Greece was the first country to come close to bankruptcy. In fact, this crisis is threatening the very existence of the EU. For Greece, as a state, the crisis is a disaster. The country has been deprived of its independence and has been put under the administration of the IMF and the European Central Bank. Production in Greece will probably drop, so how can Greece cut its state deficit as dramatically as the EU is demanding? The rest of the most troubled countries in the EU have been given a taste of the same medicine as Greece.

In the Hungarian elections in the spring of 2010, the fascist party Jobbik received almost 17 percent of votes. Right-wing populism and neo-fascism have been strengthened by hate and fear towards immigrants and by the old politicians’ corruption and incompetence.

Only now comes along an economic crisis the like of which Europe has not seen since the 1930s. In October 2010, 23.2 million inhabitants of the EU were unemployed. Four out of ten young people are without work; we are talking about a lost generation.
The EU cannot afford to let Greece fall, but neither can Germany afford to cover Greece’s losses. The only bright spot for the EU member states is that China has begun to buy up European debt. Some countries have more debt than their annual gross national product.

The EU has gone into an energy crisis that is only going to get worse, and this is happening in an EU already on the brink of bankruptcy.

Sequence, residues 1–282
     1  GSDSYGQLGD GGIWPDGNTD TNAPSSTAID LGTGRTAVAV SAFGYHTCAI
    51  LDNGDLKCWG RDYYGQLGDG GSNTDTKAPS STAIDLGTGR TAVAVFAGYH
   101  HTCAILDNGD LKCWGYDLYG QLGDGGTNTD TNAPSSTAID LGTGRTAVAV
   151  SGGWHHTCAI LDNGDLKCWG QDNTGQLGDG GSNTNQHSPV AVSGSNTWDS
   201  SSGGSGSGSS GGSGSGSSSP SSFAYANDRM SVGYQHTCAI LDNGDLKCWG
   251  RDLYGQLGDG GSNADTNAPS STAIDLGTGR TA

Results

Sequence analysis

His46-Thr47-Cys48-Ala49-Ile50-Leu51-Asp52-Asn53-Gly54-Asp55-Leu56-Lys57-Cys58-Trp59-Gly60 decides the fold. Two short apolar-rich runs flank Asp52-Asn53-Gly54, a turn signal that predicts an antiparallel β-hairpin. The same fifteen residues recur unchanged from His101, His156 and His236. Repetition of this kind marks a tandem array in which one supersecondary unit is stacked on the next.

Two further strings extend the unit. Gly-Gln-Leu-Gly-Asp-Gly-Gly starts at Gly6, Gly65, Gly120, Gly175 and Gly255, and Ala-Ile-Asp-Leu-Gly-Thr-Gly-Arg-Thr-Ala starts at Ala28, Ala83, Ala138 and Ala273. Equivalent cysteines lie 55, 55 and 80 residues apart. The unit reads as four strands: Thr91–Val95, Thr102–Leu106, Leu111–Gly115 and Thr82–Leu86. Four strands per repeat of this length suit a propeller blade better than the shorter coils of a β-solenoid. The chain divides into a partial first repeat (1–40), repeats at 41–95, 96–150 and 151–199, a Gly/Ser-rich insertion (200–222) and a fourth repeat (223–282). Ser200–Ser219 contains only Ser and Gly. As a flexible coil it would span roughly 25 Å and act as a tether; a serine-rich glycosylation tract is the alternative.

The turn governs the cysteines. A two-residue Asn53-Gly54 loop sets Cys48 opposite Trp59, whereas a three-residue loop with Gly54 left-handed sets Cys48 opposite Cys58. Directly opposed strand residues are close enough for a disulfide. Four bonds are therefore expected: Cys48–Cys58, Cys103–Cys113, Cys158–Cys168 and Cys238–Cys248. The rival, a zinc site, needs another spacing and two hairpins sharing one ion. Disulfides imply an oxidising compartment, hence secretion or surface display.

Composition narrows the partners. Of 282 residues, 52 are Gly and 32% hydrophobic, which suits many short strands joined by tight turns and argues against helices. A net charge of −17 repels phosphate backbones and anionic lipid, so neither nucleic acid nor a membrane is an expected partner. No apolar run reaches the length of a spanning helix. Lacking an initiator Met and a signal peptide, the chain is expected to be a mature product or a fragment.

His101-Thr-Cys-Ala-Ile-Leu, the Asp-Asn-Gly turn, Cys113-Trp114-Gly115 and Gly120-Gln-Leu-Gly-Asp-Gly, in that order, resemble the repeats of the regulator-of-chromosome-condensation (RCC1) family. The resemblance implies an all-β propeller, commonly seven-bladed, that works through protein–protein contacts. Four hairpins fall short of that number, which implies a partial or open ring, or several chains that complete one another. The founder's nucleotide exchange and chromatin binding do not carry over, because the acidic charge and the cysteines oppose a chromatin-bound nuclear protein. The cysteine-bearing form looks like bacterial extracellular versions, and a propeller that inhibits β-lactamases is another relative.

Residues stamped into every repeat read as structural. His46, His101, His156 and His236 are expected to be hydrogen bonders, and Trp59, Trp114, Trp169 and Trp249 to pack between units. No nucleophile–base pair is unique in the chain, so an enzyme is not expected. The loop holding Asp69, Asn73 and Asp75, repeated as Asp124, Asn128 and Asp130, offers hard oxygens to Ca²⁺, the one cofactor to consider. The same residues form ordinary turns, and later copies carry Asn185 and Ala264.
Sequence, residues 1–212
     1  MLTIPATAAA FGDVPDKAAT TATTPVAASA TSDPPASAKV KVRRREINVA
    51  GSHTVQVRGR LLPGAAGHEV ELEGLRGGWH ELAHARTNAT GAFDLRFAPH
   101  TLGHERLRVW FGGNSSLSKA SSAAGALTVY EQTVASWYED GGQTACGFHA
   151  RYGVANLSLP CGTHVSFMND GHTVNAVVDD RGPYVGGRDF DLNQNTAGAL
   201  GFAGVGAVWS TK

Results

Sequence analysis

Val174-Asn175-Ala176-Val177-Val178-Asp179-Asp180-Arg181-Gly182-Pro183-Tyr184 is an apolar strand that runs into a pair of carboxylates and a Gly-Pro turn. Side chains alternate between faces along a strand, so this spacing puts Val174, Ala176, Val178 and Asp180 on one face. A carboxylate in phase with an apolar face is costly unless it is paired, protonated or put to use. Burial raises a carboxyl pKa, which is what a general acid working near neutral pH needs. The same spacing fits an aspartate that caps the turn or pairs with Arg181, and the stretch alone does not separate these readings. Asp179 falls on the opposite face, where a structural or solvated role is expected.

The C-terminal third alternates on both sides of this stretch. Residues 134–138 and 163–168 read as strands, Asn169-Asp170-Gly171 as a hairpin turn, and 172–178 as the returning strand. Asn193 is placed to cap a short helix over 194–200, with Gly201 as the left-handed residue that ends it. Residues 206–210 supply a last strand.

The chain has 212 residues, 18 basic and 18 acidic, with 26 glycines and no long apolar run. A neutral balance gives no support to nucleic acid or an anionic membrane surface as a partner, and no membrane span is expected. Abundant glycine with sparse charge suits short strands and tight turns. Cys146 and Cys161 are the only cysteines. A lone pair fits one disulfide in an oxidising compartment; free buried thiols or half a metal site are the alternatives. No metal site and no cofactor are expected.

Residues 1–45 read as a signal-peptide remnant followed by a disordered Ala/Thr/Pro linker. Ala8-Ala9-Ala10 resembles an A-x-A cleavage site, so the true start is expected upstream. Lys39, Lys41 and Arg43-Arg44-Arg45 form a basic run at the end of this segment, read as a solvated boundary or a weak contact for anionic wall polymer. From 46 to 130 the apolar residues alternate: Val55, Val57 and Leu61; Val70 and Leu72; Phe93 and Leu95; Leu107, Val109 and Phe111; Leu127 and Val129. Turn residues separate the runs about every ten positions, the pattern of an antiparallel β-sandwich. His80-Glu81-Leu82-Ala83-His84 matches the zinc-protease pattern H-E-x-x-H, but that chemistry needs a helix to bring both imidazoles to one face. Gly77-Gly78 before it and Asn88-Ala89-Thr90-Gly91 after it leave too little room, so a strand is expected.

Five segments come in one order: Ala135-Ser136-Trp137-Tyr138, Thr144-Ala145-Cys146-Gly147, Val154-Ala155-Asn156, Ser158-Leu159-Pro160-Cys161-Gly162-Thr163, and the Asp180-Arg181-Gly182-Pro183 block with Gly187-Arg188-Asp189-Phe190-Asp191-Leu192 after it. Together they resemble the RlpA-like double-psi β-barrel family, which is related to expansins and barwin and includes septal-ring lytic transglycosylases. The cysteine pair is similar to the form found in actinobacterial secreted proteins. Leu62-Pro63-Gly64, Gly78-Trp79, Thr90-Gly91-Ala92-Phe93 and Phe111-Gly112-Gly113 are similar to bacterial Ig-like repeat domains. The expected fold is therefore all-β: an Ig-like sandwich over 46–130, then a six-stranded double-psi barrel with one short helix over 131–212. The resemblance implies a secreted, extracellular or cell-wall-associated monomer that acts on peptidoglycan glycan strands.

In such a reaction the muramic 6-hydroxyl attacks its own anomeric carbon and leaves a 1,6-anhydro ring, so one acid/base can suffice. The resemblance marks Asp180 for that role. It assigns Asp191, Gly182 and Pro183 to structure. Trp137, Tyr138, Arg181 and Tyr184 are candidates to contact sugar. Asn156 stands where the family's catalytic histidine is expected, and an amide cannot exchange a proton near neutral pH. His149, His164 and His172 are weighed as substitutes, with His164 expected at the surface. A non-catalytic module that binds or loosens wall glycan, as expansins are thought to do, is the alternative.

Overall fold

In 2010, over 50 million people in the USA were not able buy enough food. This is an increase of 19 million from 1999. Hardest hit are Mississippi, Texas and Arkansas, and over half of those who are affected are black or Hispanic. In 2010, 33 US states and 7 cities were technically bankrupt.

In 1945, the USA had 50 percent of the world’s industry and 90 percent of the world’s gold reserves. Sixty-five years later, the country is deeply in debt, partially deindustrialised and on the edge of an economic precipice over which nobody can quite see the bottom.

The UN adopted their so-called Millennium Goals in order to plot a course towards reduced hunger and poverty, and for a few years there was some minor improvement. The financial crisis swept those results aside, and in 2009 alone the number of poor and hungry rose by over 100 million.

Class differences around the world have reached perverse levels, and yet there are still people who think that the concept of class is ‘old-fashioned’.

Of the fifteen largest banks in the USA, there were only five that survived as independent bodies in 2008. Out of the ten investment banks, only two survived as independent institutions, and both had come under the government’s protection.

In 2008, the fortune value of the wealthiest fell, but it rose again dramatically already the following year. Their combined capital was as great as two thirds of the world’s GNP. This increase in wealth took place mainly through the financial market.

2011 was not only the year of deep crisis, it was the year of the Tahrir Square and the Occupy Wall Street movement. People rose to fight oppression, even at the risk of their own lives. And the Occupy-movement coined the phrase: We’re the 99% – you’re the 1%, which very accurately points out how finance capital has robbed the people all over the globe to accumulate those immense fortunes, while stripping ordinary people of the very means of life.

—————–

The English version will be updated with the new facts and developments – which actually confirm and underline the basic analysis of The Collapse.

Dette innlegget ble publisert i Økonomi, EU, Kina, Miljø, Opprør, USA. Bokmerk permalenken.

2 svar til The Collapse – An Introduction

  1. Så bra!!! Då kommer den här viktiga boken att nå ut till så många fler människor, vilket verkligen behövs. Lycka till med översättningen.